(This post, 5 Ways to Jumpstart your Healing and Move on After a Break Up’ is written by our dear friend and resident photographer Katie Jameson. After walking through this break up with her, and experiencing how gracefully and intentionally she handled such a painful experience, I knew she had to share it. If you know anyone going through this right now, maybe just pop it in their inbox– a gift from you to them.)
Surely, this is just a really bad dream, right?
Was our relationship not worth fighting for?
Was I not worth fighting for?
What is wrong with me?
These questions swirled around in my head both immediately and for several weeks after my break-up. (If I’m being honest, they still do sometimes.) Break-ups and the feelings of insecurities that accompany them, are an unparalleled experience of feeling the floor pulled out beneath you. The pain of losing someone you love coupled with the loss of a future you had envisioned is world shaking and yet exactly what I experienced five months ago as I watched the future weeks, months, and years of what I thought would be my life disintegrate in a mere blink of an eye. Perhaps the worst part was that the decision was completely out of my control– something very hard to deal with for this borderline control freak. While every passing moment and hour and day seemed endless, I quickly realized that the first week of this break-up was going to determine the trajectory of the rest of my healing process. Getting out of bed was hard during the first weeks, unanswerable questions were frequently bouncing around in my head (making me feel a bit crazy). I lost my appetite and tears seemed to be constantly streaming down my face in a way I had never before experienced. There are several ways I could have dealt with the break-up and in all honesty, going crazy might have been justified. BUT going crazy, would have only hurt me, right? In the midst of this deep sadness, one word kept popping up in my head – grace. I had to show grace to him and I had to show grace to myself.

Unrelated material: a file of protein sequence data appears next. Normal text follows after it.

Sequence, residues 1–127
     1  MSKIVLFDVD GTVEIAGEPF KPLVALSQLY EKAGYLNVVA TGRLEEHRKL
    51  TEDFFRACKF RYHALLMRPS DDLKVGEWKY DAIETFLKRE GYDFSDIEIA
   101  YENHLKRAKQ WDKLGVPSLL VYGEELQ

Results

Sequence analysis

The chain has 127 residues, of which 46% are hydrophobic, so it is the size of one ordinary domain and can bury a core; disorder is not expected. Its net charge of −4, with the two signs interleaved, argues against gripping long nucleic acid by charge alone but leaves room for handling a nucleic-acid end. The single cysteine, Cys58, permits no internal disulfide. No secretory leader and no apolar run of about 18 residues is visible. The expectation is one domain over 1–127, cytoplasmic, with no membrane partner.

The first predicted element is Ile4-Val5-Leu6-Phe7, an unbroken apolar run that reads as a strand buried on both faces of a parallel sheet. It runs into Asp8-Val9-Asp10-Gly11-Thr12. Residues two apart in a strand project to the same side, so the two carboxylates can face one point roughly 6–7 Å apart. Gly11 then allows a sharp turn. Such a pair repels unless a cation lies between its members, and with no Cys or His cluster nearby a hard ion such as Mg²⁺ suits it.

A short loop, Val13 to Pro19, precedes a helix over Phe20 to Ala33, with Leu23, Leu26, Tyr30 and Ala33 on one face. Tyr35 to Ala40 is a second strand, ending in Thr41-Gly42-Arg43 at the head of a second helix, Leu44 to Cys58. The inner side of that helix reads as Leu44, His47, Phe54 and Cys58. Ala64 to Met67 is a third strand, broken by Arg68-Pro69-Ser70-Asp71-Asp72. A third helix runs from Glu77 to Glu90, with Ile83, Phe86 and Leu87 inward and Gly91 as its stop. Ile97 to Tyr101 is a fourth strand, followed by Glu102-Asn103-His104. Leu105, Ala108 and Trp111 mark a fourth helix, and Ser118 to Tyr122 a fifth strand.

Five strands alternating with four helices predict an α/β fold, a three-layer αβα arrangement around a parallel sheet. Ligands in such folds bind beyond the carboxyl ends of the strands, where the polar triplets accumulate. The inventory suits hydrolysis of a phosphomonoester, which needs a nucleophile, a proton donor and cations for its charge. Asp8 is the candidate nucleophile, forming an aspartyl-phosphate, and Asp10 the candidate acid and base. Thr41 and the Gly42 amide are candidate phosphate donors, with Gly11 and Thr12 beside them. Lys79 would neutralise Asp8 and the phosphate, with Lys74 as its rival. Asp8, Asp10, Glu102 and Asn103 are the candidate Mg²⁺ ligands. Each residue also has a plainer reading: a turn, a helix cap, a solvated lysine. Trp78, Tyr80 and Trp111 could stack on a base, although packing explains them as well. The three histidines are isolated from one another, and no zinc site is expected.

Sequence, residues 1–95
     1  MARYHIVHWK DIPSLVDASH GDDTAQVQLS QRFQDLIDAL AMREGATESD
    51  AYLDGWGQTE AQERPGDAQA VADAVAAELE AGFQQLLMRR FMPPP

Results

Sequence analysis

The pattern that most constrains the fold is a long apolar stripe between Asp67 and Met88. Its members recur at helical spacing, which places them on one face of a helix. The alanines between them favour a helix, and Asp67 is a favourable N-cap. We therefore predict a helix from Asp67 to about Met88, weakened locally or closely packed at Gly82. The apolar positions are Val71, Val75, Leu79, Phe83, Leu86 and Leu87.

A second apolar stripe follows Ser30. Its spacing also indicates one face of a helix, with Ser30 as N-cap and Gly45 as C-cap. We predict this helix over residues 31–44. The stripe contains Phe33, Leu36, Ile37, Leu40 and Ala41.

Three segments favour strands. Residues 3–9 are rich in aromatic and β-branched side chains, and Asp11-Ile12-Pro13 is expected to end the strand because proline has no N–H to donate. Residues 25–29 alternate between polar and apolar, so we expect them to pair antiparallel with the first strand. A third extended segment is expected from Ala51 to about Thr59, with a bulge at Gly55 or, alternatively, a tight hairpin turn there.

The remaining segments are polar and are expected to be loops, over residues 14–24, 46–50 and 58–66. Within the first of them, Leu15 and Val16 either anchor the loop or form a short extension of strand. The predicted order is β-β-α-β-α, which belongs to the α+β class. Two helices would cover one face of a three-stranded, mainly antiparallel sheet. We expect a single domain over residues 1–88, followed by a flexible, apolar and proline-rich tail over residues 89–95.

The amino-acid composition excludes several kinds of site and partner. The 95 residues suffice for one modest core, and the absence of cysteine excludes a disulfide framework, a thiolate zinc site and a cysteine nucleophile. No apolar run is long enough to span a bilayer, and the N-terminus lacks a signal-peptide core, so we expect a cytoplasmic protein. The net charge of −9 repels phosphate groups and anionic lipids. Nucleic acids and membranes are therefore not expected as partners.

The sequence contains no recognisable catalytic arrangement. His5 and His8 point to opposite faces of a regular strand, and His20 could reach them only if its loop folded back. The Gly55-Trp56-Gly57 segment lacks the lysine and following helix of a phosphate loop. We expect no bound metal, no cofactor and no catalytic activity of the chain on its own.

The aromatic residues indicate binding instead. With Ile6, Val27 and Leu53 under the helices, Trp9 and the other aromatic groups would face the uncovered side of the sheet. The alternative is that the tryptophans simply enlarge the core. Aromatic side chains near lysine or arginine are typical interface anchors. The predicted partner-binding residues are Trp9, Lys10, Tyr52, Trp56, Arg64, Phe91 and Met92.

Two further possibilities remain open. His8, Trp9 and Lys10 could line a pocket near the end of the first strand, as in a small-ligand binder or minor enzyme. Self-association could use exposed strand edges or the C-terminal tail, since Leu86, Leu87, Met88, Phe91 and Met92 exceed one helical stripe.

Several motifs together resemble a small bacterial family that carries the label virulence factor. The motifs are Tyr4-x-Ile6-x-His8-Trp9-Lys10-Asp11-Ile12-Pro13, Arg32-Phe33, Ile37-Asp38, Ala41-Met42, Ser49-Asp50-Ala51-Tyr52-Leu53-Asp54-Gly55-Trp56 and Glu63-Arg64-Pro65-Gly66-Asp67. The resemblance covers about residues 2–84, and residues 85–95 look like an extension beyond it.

This is where my faith came into play. If the God of the entire universe can show me grace on a daily basis, why could I not do the same? With the mantra of grace running through my head, there were other actions I knew I needed to take in order to maintain my sanity. I knew that I had to continue to work, I had to continue to get out of the house (even when I had to force it), and I had to take it an hour (sometimes a minute) at a time.
While there are several things that are helping me move through this new season, the most important part has been bring open and honest with my friends, family and with myself. I have been determined to grow in self-awareness and learn more about myself and my friends have been there right alongside me the whole way. They have seen me at my worst, but continue to remind me that the best is yet to come. They have helped me to process things with logical, less teary eyes and were incessant reminders that, even at the lowest points, I had so much to be thankful for. They were reminders that there is no timeline for moving on and made me feel okay taking the time and space I needed to mourn, feel, process, and grow.
All of this is well and good, but how do you start moving on and continue to be the wonderful person you are meant to be? Below are also some very tangible things that I did that helped me to start pushing through the hurt. While everyone’s healing process is different, these are five things that really helped jumpstart my healing:
1. Getting out of the house: work, dinner with friends, coffee shop visits, going to the park with my dog, etc. It’s amazing what a change of scenery can do for your mental well being.
2. Working out: It seems it’s true what they say about all of those endorphins. I started doing a boot camp a few days a week as a way to focus on my health. (Plus, it’s another excuse to get out of the house!)